How can something so totally unique and incredible be so underreported? When Ron found the Vigelandsparken Sculpture Park (aka Frogner Park) in our Oslo Pass book, it was enticing. What we did not expect was to be blown away with the expansive amount of art. Admission to the park is free. Entry to the park is a work of art unto itself. There are exquisite metalwork gates.
Beyond the gates, you approach a bridge lined on both sides with dozens of statues of men, women, and children: all are nudes in various poses. These lead to additional statues within a fountain, then the ultimate statue, the Monolith. What you are witness to is a 14 meter (over 45 feet) high sculpture of 121 nude bodies intertwined.
Gustav Vigeland, the artist of all of this magnificent art struck a deal with the Oslo government back in 1921. When the city wanted to tear down his home, a lucrative compromise was created for both sides. The city was to build Vigeland a dedicated museum, workshop, and allow him to continue to live in his home. In return, he promised to donate all of his work including statues, models, drawings, sketches that were produced from then on.
Some have criticized his work as having “fascist aesthetics”, which I can understand. There were many pieces where I felt a resemblance to works in Memento Park in Budapest, but the exception here is Vigeland’s work consists of almost all nudes. Only after a couple of hours of looking at the work did we learn that there are 121 statues; all of them are In addition to the statues, his work in metal craft is abundantly apparent on the grounds. Honestly, I found this as interesting, if not more so than some of the statues.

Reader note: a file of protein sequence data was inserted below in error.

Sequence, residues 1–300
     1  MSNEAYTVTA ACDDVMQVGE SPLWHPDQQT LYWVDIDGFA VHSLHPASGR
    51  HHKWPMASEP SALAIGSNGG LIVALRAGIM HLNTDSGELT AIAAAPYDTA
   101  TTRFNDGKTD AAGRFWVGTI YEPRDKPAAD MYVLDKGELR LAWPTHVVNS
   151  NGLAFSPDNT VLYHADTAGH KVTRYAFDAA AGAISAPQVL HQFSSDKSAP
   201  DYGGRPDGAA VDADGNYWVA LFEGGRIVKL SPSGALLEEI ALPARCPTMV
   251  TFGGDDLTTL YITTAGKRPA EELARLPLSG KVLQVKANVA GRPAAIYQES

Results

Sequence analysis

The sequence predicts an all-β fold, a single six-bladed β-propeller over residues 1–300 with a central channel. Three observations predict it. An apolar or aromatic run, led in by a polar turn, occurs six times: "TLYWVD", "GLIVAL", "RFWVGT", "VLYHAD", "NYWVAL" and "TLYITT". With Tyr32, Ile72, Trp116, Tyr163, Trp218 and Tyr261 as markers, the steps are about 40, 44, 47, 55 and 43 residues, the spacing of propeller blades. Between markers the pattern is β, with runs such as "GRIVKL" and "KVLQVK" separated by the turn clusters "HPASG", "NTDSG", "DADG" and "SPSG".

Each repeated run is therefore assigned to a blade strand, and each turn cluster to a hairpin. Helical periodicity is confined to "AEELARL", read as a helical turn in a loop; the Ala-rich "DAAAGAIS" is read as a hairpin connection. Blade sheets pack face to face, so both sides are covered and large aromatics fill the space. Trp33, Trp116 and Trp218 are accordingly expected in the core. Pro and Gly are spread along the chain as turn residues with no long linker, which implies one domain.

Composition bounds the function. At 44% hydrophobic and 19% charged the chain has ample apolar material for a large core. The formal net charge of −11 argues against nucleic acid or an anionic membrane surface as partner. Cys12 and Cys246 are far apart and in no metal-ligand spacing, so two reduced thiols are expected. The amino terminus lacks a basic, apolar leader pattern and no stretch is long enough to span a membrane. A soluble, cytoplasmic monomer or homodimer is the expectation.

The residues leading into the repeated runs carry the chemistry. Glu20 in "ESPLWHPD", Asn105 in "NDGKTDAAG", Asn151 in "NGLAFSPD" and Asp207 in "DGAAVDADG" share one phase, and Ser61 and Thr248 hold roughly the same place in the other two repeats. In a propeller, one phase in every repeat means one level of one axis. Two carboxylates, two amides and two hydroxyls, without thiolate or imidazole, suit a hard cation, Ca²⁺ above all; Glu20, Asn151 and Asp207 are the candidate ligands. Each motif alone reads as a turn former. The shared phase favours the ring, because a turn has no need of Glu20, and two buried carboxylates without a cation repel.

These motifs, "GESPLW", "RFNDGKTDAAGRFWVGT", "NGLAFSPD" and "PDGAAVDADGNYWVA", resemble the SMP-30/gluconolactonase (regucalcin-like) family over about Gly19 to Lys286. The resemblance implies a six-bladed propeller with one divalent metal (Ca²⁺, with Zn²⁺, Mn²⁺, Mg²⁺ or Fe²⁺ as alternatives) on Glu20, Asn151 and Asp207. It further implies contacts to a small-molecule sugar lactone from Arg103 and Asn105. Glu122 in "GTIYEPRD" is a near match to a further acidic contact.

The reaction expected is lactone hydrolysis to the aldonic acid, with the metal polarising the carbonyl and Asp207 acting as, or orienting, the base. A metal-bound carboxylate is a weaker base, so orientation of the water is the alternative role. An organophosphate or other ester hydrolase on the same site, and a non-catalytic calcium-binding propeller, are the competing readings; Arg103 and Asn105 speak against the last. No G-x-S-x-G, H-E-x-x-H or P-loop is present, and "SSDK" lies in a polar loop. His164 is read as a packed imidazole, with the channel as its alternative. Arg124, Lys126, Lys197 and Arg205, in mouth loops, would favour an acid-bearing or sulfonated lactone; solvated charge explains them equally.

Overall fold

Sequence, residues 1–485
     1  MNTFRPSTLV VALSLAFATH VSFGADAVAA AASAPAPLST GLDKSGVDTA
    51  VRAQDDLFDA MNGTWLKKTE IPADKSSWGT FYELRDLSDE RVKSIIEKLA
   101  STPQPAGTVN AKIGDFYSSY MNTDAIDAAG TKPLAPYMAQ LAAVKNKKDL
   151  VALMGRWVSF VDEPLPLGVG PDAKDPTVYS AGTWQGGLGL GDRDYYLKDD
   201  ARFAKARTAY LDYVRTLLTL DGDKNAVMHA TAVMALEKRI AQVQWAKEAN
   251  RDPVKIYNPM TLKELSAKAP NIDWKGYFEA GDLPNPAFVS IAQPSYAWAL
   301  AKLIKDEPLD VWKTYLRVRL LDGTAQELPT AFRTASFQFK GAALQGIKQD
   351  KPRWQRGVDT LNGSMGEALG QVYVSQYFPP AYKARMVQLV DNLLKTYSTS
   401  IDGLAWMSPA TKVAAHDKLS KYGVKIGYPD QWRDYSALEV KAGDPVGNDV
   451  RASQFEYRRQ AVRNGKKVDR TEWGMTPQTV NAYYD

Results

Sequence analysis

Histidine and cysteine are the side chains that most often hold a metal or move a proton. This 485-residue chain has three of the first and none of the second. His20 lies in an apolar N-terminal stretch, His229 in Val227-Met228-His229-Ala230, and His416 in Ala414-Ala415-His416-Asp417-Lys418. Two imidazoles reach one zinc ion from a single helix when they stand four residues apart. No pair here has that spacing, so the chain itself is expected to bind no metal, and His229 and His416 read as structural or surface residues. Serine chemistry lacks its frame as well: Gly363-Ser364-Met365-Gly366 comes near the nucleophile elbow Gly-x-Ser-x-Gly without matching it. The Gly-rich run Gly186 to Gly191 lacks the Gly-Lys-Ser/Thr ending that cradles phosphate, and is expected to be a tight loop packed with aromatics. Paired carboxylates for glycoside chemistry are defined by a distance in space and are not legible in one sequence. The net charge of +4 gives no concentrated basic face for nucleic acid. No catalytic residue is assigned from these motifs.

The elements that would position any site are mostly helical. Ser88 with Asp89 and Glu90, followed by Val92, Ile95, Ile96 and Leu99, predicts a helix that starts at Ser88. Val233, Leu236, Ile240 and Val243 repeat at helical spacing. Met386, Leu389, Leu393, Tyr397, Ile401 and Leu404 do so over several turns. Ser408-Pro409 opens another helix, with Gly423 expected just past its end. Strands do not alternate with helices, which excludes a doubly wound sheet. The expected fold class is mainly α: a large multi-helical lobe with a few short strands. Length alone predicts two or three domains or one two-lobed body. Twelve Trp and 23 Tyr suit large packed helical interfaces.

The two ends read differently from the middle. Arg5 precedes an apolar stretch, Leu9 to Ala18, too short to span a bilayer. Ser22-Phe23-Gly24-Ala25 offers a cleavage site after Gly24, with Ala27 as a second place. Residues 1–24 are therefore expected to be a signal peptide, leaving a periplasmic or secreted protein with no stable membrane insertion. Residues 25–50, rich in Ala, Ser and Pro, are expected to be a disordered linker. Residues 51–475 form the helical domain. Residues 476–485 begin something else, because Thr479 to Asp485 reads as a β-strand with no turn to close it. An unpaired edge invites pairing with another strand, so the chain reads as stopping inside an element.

Aside from the art, the park itself is glorious with large spans of green grass and plenty of trees; some have leaves turning autumnal shades of red, yellow, and orange. This is the world’s largest statue park. We separated, but after a bit more than an hour, we found our way back to each other. While on the grounds, we took in the museum as well. Admission is NOK 60 for adults and NOK 30 for seniors (+67), but free entry with the Oslo Pass. Much of the museum exhibits are models of the statues outside. There were some new pieces, but not that many. Still, it was interesting to be able to get close up to the work.
I failed to mention earlier the cost of public transportation. For one trip, an adult ticket is 30 NOK and the senior (over 67) is 15 NOK.
From the park, we made our way back to the waterfront. Hopping onto a ferry, we made our way to the Fram Museum. The centerpiece of the museum is of course the world´s strongest wooden ship, the polar ship Fram. The public can go on board and take a look around in her cabins, lounges, cargo hold and engine room. In the Gjøa building is where you will find the Gjøa, the first ship to navigate the whole of the Northwest Passage.
Unfortunately, we were greeted with the information that the museum was to close in 40 minutes. However, the fortunate part was that with the Oslo Pass, we were allowed multiple entries for the duration of our pass. We knew we would return.